Ergothioneine – This antioxidant is relatively new to the skin care industry, but its antioxidant benefits and its ability to increase the protective action of traditional antioxidants such as L-ascorbic acid, make it an excellent addition to skin care products. Studies have shown that ergothioneine reduces several forms of free radicals, including hydrogen peroxide, hydroxyl radicals, singlet oxygen, peroxynitrite, lipid peroxides, and
nitric oxides.

Caffeine – This ingredient is capable of reducing UV-induced free radicals, including hydroxyl radicals, hydrogen peroxide, peroxyl radicals, and singlet oxygen. Research also indicates that topical application of caffeine can reduce UV-induced skin cancers by forcing damaged skin cells into apoptosis (cell suicide).

Silybin – Milk thistle-derived silybin is a powerful flavonoid antioxidant. Silybin inhibits lipid peroxidation and nitric oxide and hydrogen peroxide free radical production. It can also inhibit the immunosuppression and skin cancer caused by UV exposure, and decrease the cellular degradation caused by UV exposure.

Suffocating the Skin

In a study compiled by the Campaign for Tobacco-Free Kids in the fourth quarter of 2010, 46.6 million U.S. adults and 3.4 million high school students regularly smoke cigarettes. Even with much stronger policies on educating children about the dangers of smoking, 1,000 kids become regular smokers every day. The dangerous heart and lung diseases that are directly linked to smoking are widely known, but we do not have as strong of a dialogue about what smoking does to healthy skin. Smoking is a major contributor to many skin conditions and complications, such as skin discoloration, ECM breakdown, deep wrinkling, premature skin aging, poor wound healing, and the formation of abnormal skin growths.

The nicotine in cigarette smoke causes vasoconstriction (blood vessel contraction). Additionally, the carbon monoxide present in cigarettes bonds with oxygen in the blood, greatly reducing the amount available to the body. This deadly combination of nicotine and carbon monoxide creates a situation where there are not only constricted capillaries trying to carry the oxygen, but also less oxygen flow through them.

Smoking just one cigarette restricts blood flow for up to 90 minutes. This means there is a greatly reduced amount of oxygen passing through the skin. If a person smokes more than one cigarette in an hour and a half, then the time the skin goes without proper oxygenation is multiplied exponentially. Amazingly, once this restricted oxygen flow has persisted in the skin over time, the body attempts to get more blood to the skin by producing more blood vessels. Eventually, this leads to the telangiectasias that are characteristic of a condition known as "smoker's skin." Exposure to the pollutants present in cigarettes accelerates the degradation of the ECM by increasing MMP (specifically MMP-1) activity, causing the unwanted breakdown of healthy and necessary matrix components. Smoking is an avoidable environmental pollutant that compromises health and ages the skin prematurely.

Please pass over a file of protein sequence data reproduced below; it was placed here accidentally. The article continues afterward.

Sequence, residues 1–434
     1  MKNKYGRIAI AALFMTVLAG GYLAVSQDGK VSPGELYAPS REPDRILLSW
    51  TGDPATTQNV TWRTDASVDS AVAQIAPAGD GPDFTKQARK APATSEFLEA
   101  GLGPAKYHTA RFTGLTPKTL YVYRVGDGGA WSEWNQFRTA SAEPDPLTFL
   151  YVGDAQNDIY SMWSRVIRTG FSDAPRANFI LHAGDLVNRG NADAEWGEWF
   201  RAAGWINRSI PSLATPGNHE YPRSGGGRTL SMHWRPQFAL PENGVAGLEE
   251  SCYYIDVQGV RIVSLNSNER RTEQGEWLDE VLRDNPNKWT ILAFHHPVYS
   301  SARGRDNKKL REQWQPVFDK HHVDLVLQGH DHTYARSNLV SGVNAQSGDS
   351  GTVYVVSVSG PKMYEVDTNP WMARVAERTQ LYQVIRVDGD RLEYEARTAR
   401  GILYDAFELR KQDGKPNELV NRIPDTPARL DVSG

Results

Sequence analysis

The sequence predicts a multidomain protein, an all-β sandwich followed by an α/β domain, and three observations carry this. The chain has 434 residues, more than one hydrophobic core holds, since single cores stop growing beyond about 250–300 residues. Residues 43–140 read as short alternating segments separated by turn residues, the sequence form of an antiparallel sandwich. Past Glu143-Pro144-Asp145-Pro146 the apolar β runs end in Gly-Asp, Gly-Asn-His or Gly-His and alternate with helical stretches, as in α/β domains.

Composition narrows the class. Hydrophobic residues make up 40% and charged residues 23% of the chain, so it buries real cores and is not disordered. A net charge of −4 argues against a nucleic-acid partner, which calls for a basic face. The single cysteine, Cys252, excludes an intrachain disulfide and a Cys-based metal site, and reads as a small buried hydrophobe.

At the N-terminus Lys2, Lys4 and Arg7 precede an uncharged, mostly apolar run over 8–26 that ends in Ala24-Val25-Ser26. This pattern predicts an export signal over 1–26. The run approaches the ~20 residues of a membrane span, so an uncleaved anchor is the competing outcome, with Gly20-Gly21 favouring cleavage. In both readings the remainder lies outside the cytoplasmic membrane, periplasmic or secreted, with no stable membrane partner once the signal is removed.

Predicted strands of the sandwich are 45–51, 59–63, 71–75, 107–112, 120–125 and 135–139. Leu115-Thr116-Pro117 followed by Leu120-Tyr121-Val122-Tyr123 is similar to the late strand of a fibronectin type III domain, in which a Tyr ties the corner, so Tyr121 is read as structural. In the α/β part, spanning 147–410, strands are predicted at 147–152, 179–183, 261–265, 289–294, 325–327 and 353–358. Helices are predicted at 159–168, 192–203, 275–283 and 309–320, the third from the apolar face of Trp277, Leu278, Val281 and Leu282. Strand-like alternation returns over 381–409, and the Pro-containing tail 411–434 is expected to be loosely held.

Breathing Life Back into the Skin

Once someone has quit smoking there are treatments and topical ingredients that will help improve the skin. Professional detoxifying and oxygenating procedures promote circulation and oxygenation of the skin cells, which can dramatically improve skin tone. Ingredients like L-ascorbic acid (vitamin C), retinoids (vitamin A), and certain peptides increase collagen deposition to strengthen the skin and minimize the wrinkling so common in smokers. Caper bud extract and some types of algae work to support and strengthen the capillaries and reduce their hyperpermeability (leakiness). Matrix metalloproteinase-inhibiting ingredients (MMPi) like resveratrol, soy proteins, epigallocatachin gallate (EGCG), sodium chondroitin sulfate, and L-ascorbic acid work to protect the ECM from the damaging effects of excess MMP activity. Superficial chemical peel treatments improve the overall health and appearance of the skin, reduce fine lines and wrinkles, and greatly improve skin surface texture. There are many additional options available; however, nothing can replace the necessary oxygen for continued skin cell health better than simply quitting smoking.

Healthy Skin for All

Although every individual is a product of their heredity, and some types of facial aging are inevitable, the vast majority are preventable, avoidable, and correctable. Well-educated patients are more likely to be compliant with your directions for daily broad-spectrum sun protection use, antioxidant supplementation, and the avoidance of negative lifestyle choices like smoking. This then gives you the opportunity to help all your patients achieve all their healthy skin goals.


Cheryl Staurowsky, LE, PCA skin® advanced educator, since 2003. Staurowsky lives in Ft. Lauderdale, Fla. and began her career in medical aesthetics in 1994. While working with a variety of skin conditions and medical devices at multiple renowned physicians' offices, she became skilled at customizing professional treatments and daily care regimens. Staurowsky has a passion for knowledge and educates her patients on the benefits of skin care and how a formulation actually works within the skin.